Photo: building slide. After this experiment ended, people tended to live in Dennistoun, but not to work in it. For, unlike many of the other areas of Glasgow where housing and manufacturing were in close proximity, industry was located at the edges of Dennistoun. To the east lay the chemical works, to the south the slaughterhouse, and to the north the steelworks and gasworks separated from Dennistoun by the Monklands Canal. All firmly outwith the residential streets of the area. Later, Alexandra Parade became the centre of Glasgow's cigarette industry and was awarded the name Tobacco Road. But even there, you were past the factories before you arrived at the tenement buildings. With its lack of industry and its good housing, it is easy to understand why so many in Calton or Camlachie looked enviously uphill at the denizens of Dennistoun.

Dennistoun's position as the area's jewel in the crown was recognised when it was chosen to stage both the East End Industrial Exhibitions, that of 1890-91 and the subsequent one in 1903-4; 750,000 attended the first and over a million the second. The first raised £3000 for the building of the People's Palace, which many expected would be in Dennistoun's Alexandra Park, but was instead placed on Glasgow Green The educational exhibits drew crowds, but the main event was the "Buffalo Bill" Wild West Show, starring Colonel Cody himself. Dennistoun was later to produce many characters in the world of entertainment to rival Buffalo Bill. A statue commemorates Buffalo Bill's visit in a new block of flats just off Whitehill Street.

Which brings us back to Lulu. Let us start, as she did, with a railway crossing. The train today deposits the traveller at Bellgrove Station and on exiting, to the left is Brigton , literally on the wrong side of the tracks. To the right across the railway bridge which Lulu saw a social marker, is Dennistoun. On crossing Duke Street, and heading up Westercraigs, you are in the heart of what was actually executed of Salmon's plans for a grand suburb. Salmon himself originally lived here, and so too did Sir William Arrol, who opened his Dalmarnock Iron Works in Brigton in 1868, and who is best remembered for the construction of the Forth Bridge in 1890. It should be remembered that in the 1860s the University was still in the nearby High Street, less than a mile away; its move westwards was a fatal blow to Salmon's great plans.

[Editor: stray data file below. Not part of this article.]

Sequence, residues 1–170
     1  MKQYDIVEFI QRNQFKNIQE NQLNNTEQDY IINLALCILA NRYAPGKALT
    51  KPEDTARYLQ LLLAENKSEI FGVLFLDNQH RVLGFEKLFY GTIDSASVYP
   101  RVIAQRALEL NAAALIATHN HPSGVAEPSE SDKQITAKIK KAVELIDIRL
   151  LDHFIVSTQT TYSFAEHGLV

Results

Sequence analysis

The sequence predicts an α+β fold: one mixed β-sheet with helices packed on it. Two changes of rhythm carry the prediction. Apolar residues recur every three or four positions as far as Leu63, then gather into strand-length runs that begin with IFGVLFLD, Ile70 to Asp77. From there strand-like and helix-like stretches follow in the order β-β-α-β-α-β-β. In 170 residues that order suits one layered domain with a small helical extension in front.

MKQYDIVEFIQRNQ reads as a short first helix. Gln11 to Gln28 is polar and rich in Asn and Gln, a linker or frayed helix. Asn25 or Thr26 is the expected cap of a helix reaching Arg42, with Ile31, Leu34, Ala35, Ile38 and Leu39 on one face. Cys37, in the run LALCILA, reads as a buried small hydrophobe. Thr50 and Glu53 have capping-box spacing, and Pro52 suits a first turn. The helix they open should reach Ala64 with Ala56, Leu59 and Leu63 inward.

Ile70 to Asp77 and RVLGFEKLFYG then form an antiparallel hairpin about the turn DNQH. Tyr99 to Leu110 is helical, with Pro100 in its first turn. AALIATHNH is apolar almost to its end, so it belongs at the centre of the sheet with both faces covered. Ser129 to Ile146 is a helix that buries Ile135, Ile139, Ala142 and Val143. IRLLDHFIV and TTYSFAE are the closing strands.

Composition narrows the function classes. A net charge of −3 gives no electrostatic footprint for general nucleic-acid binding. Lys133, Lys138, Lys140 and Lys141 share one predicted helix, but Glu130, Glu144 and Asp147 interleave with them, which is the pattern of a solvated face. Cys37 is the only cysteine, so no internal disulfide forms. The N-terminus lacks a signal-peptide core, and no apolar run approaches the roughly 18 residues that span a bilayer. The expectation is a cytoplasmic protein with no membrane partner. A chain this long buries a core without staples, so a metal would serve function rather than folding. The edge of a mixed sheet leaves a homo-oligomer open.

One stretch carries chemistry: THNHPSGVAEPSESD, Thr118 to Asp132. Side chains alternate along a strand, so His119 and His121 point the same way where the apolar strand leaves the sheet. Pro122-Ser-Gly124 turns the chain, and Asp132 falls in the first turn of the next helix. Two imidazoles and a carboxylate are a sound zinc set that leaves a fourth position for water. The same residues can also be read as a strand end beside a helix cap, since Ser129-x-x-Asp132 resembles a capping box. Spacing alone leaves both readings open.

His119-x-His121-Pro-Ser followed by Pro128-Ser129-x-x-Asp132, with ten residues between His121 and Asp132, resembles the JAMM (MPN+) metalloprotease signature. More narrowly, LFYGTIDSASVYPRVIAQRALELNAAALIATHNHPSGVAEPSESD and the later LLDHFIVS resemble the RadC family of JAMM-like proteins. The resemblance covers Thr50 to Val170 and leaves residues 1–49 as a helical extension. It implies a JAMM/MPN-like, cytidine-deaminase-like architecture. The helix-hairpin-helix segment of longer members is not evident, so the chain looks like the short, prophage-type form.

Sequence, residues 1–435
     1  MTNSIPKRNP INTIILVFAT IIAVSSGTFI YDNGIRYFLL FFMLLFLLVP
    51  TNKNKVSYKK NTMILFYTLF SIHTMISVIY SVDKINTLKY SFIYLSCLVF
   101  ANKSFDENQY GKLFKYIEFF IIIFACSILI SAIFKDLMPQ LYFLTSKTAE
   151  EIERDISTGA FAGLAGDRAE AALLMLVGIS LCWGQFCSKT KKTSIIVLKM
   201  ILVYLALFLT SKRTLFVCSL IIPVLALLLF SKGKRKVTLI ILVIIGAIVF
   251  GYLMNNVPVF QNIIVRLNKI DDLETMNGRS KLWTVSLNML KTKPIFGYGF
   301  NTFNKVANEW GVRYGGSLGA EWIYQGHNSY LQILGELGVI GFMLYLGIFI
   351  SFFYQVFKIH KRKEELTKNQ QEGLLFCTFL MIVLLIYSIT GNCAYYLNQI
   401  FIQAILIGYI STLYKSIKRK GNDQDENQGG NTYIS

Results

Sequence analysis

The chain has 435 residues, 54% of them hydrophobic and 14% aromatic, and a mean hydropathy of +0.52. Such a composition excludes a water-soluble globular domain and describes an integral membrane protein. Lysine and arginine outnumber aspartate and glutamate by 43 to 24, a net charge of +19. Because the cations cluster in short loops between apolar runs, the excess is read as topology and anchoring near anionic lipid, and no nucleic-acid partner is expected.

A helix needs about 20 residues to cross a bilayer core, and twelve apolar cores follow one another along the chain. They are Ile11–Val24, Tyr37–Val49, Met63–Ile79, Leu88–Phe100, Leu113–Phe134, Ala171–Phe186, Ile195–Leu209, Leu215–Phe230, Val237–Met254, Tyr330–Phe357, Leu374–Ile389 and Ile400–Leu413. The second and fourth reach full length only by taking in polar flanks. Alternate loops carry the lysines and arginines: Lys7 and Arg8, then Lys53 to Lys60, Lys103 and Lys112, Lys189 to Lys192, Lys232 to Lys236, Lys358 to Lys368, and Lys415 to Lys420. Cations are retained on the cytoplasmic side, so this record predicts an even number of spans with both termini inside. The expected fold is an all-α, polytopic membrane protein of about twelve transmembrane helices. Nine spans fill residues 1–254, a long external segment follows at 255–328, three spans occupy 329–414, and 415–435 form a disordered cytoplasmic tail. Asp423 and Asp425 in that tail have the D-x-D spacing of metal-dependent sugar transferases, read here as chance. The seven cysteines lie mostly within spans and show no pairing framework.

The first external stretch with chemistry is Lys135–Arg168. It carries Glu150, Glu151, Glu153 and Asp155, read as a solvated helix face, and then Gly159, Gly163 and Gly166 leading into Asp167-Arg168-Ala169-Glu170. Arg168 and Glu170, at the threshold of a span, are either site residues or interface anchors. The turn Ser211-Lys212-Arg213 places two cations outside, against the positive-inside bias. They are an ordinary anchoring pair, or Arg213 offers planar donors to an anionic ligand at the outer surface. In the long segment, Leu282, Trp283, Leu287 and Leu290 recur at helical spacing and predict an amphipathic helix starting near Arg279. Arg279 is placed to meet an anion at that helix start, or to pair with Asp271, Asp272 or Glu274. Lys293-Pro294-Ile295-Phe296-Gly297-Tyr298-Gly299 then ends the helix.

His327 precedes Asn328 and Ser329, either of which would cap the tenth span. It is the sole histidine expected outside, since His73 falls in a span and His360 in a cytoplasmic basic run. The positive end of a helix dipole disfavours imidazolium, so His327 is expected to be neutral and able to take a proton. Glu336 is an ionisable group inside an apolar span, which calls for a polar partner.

At the bottom of Westercraigs is Annfield Place, terraced houses formerly occupied by lawyers, doctors and engineers- and now the location of the offices of the same professions, since these people don't live in Dennistoun, respectable though it is. But once off Duke Street such terraces replicate themselves and are still quality housing, with the larger villas on the left. At the top of the hill is the delightful Broompark Circus. Hereabouts it is really hard to believe that you are in Glasgow's East End. Just north of this area were the tobacco factories, and some of the land abandoned is being developed for modern quality housing. Gentrification is nibbling at the edges of Dennistoun.

Photo: Fountain. Glasgow's connection with tobacco goes back to the eighteenth century and the Tobacco Lords, who make their wealth from the trade in the weed with the American colonies. The cigarette industry was a much later development, making the fortunes of such as Stephen Mitchell, whose legacy endowed the Mitchell Library in the city. One of his factories was located at Alexandra Parade, and is now refurbished as a collection of studios, the Wasp Factory, for arts workers. Next to it stands the Players' factory, an imposing, though rather late example of Art Deco completed in the early 1950s. This too has ceased cigarette production and was refurbished as a business centre for high tech and advertising firms. Today Glasgow's only connection with tobacco lies sadly in its continued high consumption by its citizens of cigarettes, and the consequent high mortality rates.

Alexandra Parade is a pleasant street of solid tenements, with neat gardens on the north side and neat shops on the south, which leads to Alexandra Park. Outside is found a good example of Glasgow iron work, a fountain beside the park gates. But if this impresses, you are in for a greater delight. Inside the park can be found possibly the finest example of the work of the Saracen Iron Foundry still to be seen in Glasgow. Walter Macfarlane built this at Possil, and exhibited it at the 1901 International Exhibition; thereafter it was relocated to the park, and it has recently been restored. The classical figures represent Art, Literature, Science and Commerce.